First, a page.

Thank You

Almost four weeks ago, Steph and I boarded a plane in San Jose, California, bound for Minnesota. A lot has transpired since then, but rather than going into all that yet, I think it’s even more important that I take a minute and thank the folks who are responsible for us getting on that plane on time. Note this isn’t an exhaustive list, and doesn’t include all the wonderful time we spent with dear friends and coworkers, reminiscing and saying goodbyes. These are just the people who really broke a sweat to make this move happen for us.

Torrey and Shirley came to our house on the last day of packing and cleaning to help in any way they could. Torrey helped me to pack the final few boxes of our stuff, including the precious “nursing glider,” and gave me some sorely-needed friendship. When all your stuff is in a big white box and you’ve been living out of a suitcase for several days, it’s refreshing to have a friend who knows the proper response to, “I haff tvelve metchsteek.” Shirley, having never been to our place before that day, was happily cleaning kitchen drawers and a disgusting ceiling fan within 10 minutes of stepping through the front door. That’s some solid character. Where can one find more excellent people like these? I don’t know what I did to even make their acquaintance, but it must’ve been done very well and entirely by mistake. I have never earned such things.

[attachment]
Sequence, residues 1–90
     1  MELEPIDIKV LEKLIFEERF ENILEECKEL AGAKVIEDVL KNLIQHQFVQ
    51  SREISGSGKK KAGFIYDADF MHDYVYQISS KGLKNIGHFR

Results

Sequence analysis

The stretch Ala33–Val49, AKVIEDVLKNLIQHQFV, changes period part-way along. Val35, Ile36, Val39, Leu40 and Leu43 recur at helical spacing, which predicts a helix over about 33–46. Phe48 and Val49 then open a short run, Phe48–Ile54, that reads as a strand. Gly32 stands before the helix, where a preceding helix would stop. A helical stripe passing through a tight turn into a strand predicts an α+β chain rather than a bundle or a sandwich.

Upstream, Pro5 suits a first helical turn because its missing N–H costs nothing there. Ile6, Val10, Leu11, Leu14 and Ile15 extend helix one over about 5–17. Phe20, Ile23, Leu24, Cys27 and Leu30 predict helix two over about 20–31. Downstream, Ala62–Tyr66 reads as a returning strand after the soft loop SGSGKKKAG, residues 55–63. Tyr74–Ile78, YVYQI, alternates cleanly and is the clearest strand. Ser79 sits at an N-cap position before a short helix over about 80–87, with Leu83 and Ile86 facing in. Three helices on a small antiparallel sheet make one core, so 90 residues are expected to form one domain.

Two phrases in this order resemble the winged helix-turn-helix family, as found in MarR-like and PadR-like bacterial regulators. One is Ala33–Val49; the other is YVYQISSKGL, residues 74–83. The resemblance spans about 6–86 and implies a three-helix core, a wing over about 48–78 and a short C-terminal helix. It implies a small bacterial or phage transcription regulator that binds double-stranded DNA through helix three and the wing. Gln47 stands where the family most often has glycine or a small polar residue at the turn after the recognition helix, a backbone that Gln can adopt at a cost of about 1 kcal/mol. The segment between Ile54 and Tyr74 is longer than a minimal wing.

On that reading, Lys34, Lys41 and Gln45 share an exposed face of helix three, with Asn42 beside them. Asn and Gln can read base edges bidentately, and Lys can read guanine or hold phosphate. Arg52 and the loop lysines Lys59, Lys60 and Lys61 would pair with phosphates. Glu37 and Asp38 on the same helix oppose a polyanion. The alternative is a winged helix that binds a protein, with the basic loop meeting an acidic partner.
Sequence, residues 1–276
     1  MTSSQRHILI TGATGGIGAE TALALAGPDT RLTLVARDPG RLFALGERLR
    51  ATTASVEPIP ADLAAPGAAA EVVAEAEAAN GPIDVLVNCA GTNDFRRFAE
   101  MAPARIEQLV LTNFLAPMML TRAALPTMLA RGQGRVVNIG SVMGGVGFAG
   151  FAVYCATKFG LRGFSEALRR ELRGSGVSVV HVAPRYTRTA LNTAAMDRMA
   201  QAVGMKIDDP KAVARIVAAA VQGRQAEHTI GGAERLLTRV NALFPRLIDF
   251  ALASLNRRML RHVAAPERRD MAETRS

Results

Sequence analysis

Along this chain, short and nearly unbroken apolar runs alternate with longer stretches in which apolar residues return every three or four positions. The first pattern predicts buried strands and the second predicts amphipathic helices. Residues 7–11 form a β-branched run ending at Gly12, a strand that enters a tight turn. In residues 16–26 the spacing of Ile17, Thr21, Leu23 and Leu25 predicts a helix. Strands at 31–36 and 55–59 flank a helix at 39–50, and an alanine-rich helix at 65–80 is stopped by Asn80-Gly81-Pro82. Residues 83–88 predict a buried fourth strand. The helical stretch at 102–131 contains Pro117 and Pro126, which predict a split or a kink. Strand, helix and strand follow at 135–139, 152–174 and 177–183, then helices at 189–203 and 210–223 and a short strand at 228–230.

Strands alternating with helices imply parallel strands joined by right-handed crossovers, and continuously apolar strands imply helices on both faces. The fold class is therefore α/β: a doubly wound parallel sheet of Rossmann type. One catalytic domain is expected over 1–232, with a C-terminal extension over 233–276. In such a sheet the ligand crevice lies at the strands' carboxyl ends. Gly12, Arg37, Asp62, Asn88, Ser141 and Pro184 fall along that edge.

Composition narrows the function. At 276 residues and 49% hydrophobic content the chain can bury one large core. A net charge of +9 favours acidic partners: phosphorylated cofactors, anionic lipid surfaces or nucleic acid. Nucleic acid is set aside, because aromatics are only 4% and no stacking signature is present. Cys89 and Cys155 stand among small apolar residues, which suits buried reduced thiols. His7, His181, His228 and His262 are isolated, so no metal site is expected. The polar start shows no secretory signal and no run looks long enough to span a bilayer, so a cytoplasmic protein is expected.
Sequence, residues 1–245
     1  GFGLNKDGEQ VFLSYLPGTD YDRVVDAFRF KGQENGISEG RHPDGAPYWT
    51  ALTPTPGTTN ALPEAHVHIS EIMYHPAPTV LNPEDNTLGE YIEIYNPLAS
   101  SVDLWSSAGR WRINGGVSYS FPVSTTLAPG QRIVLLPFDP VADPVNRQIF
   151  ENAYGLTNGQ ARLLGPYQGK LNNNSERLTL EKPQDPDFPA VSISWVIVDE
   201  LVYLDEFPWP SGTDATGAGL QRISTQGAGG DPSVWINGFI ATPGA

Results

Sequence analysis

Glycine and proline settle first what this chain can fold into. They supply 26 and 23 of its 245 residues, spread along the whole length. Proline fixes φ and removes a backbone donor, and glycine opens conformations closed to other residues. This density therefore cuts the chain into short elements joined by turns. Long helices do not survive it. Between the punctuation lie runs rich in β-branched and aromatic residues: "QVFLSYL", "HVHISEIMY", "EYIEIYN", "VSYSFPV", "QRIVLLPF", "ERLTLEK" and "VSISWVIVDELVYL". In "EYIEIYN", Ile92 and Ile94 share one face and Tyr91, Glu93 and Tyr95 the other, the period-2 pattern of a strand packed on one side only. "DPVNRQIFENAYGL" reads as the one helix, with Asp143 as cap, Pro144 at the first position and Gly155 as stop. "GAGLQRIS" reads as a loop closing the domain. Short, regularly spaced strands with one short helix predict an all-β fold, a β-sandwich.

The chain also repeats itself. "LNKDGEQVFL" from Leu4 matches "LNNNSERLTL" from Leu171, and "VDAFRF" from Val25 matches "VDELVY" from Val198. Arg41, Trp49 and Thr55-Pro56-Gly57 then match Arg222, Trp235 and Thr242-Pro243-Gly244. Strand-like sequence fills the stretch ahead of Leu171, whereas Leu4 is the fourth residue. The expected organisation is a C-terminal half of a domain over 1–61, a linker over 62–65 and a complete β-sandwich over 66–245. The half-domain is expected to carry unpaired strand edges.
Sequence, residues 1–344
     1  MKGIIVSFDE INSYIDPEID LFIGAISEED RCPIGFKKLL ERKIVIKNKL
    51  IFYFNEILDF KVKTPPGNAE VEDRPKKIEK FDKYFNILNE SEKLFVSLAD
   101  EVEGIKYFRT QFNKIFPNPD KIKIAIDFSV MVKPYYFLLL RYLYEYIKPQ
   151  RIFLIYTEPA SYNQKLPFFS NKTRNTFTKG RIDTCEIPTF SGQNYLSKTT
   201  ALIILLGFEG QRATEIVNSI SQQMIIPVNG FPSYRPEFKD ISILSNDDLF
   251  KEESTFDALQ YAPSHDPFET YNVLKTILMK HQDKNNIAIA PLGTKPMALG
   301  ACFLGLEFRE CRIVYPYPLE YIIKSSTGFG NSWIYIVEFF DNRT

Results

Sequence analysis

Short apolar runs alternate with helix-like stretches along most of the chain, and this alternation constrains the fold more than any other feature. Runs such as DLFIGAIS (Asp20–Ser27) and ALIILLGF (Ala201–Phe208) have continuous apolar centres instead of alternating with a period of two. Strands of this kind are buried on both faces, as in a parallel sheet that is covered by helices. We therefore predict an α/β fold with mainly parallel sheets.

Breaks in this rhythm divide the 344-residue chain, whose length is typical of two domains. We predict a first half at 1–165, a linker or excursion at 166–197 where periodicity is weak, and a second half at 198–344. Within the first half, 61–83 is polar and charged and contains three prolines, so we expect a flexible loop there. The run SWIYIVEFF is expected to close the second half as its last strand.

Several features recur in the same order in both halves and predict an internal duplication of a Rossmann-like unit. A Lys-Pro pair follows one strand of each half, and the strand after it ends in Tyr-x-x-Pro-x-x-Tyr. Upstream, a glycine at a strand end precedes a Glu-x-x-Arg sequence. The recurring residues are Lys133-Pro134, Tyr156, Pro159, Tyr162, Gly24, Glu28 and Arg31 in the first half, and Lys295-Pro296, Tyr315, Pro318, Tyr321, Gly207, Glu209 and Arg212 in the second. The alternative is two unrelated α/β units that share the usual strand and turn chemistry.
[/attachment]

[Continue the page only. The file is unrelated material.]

Thank you, Torrey and Shirley.

Jenny and Kristin flew all the way from Minnesota just to help us out, and were absolutely instrumental in every phase of the operation. They helped pack. They helped organize. They kept us sane. They took us out to dinner. They put us up in a hotel! (This is a big deal when all your stuff is in boxes and your life is in chaos.) When it came time to give the house its final scrub-down before inspection, they worked miracles, taking on all the back-breaking tasks I knew had to be done but hesitated to start doing. I wish I had before-and-after photos of the laundry room. What a job!

Thank you, Jenny and Kristin.

Bob and Val brought their beautiful little newborn over to our house during a heavy and pivotal time of “PODS unit tetris.” Val and Steph kept each other company while they took care of the little ones, swapping stories and having what seemed to be much-needed downtime for Steph. Val also put a big dent in our kitchen packing to-do list. Meanwhile, it turned out Bob is some kind of packing prodigy, able to shift and twist objects in his head, combining them in unexpected ways to put large things into small spaces with no wiggle room left over. I learned quickly that if Bob said, “Maybe we should turn this on its side and put it up there…” that was exactly what we should do. Only those who want their stuff packed inefficiently question Bob. I did not. The PODS unit barely fit all the things we needed it to fit, and without Bob’s efforts, our impromptu Everything! Must! Go! yard sale would have been a lot more heartbreaking.

Thank you, Bob and Val.